The Butterfly Princess

by D. E. Powell

A young girl comes of age when she must help an injured monarch butterfly fulfill its life cycle. Mera Rodriquez is a Mexican-American girl who has suffered great tragedy during her young life. This tragedy has left Mera sullen and unmotivated, believing her opportunities are limited. One fateful day, Mera finds herself responsible for another life: a monarch butterfly that has also suffered great tragedy. Mera cares for this butterfly and soon discovers strength and purpose she never knew she possessed. Through a grand adventure taking Mera back to her ancestral home, she experiences her coming-of-age while helping her monarch butterfly get home as well. With her mentor, Dr. Arana Mariposa, and her school nemesis Shelly Wartner, aka Sneezel, they travel to central Mexico, to the Mountains of the Monarchs, seeking the butterfly sanctuary where Mera’s butterfly may fulfill its purpose in life.

Puffin Island

by Sherry Schubert

A retrospective of the Sixties tucked inside a gentle love story unfolds on Ireland’s Puffin Island.

Paula is a free spirited, independent bohemian from Colorado. Tom is a straight-laced, pressed-suit Irish Catholic conservative from Dublin. Is there a place on Earth the two can just be…and be together?

Paula recounts her youth as a globetrotting vagabond following the â??Summer of Love’. After her chance encounter with a self-proclaimed hot-blooded Irishman, she and Tom wrestle with the choices faced by all young people who came of age during the turbulent Sixties. Tom vehemently defends his faith and family values; Paula extols liberal western practices. Their struggle to find common ground takes them to Valentia and Puffin Islands in Ireland and to Rome where they promise to reunite in Paris to chart a future together.

But providence intervenes.

Four decades later when they attempt to reconnect, they find that in the high-tech 21st century world of Google, Facebook, and online social networks, sometimes a hand written note speaks louder than an e-mail.

A nostalgic reminder for those who survived that era and a tantalizing taste for the rest, Puffin Island is an old-fashioned tale of intrigue and human hearts… oceans apart.

My Brother, My Friend, My Enemy

by George Winston Martin

Caught up in the calamity of a nation teetering on the brink of Civil War, two brothers, both Southern-born but separated by hundreds of miles and vastly differing traditions, struggle to find themselves in the radically opposing cultures of North and South.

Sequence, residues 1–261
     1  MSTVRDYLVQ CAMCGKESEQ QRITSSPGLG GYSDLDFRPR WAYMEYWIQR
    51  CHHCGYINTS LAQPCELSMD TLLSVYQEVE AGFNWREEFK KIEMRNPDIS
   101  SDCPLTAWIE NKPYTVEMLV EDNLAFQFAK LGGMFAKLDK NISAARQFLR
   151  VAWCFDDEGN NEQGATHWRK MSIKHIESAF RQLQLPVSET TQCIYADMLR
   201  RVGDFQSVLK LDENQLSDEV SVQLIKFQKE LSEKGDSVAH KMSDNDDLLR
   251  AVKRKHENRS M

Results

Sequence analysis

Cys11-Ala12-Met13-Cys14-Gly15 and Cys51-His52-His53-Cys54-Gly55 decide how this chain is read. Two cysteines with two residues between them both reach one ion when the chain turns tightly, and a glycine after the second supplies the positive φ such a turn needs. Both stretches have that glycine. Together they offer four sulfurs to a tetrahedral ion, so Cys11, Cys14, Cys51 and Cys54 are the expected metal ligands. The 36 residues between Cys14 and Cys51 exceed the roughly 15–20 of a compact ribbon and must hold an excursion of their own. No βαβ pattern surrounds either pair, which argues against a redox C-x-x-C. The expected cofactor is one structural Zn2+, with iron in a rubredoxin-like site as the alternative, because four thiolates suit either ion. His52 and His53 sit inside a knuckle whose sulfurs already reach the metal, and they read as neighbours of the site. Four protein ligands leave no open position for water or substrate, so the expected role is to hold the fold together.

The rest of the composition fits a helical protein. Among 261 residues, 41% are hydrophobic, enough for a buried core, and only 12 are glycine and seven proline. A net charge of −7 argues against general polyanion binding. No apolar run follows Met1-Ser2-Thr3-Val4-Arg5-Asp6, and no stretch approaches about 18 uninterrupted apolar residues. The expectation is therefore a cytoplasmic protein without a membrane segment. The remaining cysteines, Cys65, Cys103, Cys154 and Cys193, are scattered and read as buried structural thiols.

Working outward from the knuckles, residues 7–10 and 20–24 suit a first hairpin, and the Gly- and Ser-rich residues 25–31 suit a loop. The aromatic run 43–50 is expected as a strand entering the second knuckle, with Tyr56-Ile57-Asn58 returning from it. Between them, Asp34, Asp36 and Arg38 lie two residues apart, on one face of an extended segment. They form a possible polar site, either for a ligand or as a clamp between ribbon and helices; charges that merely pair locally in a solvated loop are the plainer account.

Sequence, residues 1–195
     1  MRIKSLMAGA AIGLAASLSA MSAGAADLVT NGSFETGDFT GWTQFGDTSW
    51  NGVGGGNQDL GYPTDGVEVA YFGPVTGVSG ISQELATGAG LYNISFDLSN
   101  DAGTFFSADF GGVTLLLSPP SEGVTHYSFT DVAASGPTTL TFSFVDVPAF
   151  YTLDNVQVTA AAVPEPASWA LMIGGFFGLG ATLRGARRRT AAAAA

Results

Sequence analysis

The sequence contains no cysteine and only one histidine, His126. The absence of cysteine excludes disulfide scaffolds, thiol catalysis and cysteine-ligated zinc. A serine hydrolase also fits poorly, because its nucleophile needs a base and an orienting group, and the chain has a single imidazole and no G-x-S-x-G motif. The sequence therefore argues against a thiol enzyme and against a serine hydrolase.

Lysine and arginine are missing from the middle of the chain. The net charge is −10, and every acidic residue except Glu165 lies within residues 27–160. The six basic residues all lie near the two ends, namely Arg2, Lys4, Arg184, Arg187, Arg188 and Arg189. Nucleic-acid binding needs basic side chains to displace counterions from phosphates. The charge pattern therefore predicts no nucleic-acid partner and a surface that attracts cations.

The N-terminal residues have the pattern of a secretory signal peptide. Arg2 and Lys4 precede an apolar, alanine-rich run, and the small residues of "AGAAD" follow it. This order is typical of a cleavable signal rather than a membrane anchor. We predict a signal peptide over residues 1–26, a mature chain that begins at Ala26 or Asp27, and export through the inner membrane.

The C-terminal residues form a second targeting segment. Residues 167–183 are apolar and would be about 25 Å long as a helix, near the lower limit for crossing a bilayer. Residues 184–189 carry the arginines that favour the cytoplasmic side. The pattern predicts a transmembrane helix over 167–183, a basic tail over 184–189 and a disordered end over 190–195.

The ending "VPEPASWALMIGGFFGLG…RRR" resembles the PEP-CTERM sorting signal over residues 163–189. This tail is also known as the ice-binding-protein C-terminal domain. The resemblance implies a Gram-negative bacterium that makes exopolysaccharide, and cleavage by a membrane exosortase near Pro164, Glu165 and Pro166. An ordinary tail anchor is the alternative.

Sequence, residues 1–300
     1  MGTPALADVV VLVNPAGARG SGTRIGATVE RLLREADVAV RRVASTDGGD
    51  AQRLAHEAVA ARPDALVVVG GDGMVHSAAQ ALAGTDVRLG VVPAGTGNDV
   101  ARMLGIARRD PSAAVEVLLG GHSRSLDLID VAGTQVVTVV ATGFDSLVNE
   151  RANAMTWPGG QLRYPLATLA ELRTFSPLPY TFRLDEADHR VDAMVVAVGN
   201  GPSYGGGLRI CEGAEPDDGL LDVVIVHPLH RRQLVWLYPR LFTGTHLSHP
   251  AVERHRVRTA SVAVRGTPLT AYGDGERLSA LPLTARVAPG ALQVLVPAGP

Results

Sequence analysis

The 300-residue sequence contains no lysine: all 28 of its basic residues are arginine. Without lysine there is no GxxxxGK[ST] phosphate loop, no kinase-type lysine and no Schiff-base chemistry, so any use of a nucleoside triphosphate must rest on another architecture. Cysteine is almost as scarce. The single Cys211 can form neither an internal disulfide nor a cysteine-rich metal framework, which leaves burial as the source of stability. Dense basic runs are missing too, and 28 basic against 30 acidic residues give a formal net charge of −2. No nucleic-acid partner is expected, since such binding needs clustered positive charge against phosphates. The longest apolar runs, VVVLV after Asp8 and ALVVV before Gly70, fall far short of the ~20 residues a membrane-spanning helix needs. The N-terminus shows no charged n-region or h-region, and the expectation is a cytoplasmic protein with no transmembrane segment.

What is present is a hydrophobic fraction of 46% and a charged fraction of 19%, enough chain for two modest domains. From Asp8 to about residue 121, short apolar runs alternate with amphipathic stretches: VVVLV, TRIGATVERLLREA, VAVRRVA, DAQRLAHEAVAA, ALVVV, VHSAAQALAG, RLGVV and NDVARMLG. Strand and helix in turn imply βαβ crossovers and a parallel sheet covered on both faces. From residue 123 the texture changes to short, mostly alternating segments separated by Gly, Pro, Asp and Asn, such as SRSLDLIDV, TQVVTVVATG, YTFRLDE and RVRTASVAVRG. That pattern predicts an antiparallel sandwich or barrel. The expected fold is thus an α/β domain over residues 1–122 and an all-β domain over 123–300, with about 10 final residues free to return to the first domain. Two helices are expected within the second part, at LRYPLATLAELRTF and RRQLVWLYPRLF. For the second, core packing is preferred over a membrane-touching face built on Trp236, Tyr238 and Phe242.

William Marsh of Dahlonega, Georgia, enthusiastically answers his state’s call for volunteers and marches off to war. While naively searching for glory, he pines for beautiful Mary Stewart, a temptress who rewards his affections with deceit as she obsesses over Jonathon Evans, a rogue and William’s sworn enemy.

Residing with relatives in the rugged mountains of Northern New Hampshire, William’s older brother Thomas struggles against inner demons and regional prejudice, all the while daring to love the intelligent and passionate Stephanie Carroll, whose rabidly anti-Southern uncle schemes to drive them apart.

As the nation tears itself apart in ever more bloody clashes, the brothers not only face perils and temptations at home, but also the hazards of distant battlefields, as their destinies thrust them into the ranks of opposing armies – where one wears gray, and the other blue.

Juniata (The Seekers)

by Kevin Grote

Juniata is a two-part novel. Loyalhanna, the second book in the series will complete the tale.

The sky is on fire.

All along the frontier, the flames are spreading eastward, settlement by settlement, born on a western wind and fanned by men clad in doeskin and daubed with greasepaint.

The blazing settlements and farmsteads become a crimson reflection of the tumult transpiring along the disputed colonial back country.

The future of North America is up for grabs.

Two intrepid scouts, called by most of their fellow colonists, rangers, have been stalking a murderous Shawnee war party heading west, deeper in the wilderness for several days. They track the raiders over the Huntingdon Ridge and to George’s Road, the only link between New Forge and Juniata. One of the scouts, a Susquehannock, stays on their trail, while the other Ranger, a former Jacobite, moves silently to the remote village of New Forge.

In Europe, alliances and betrayals are the order of the day.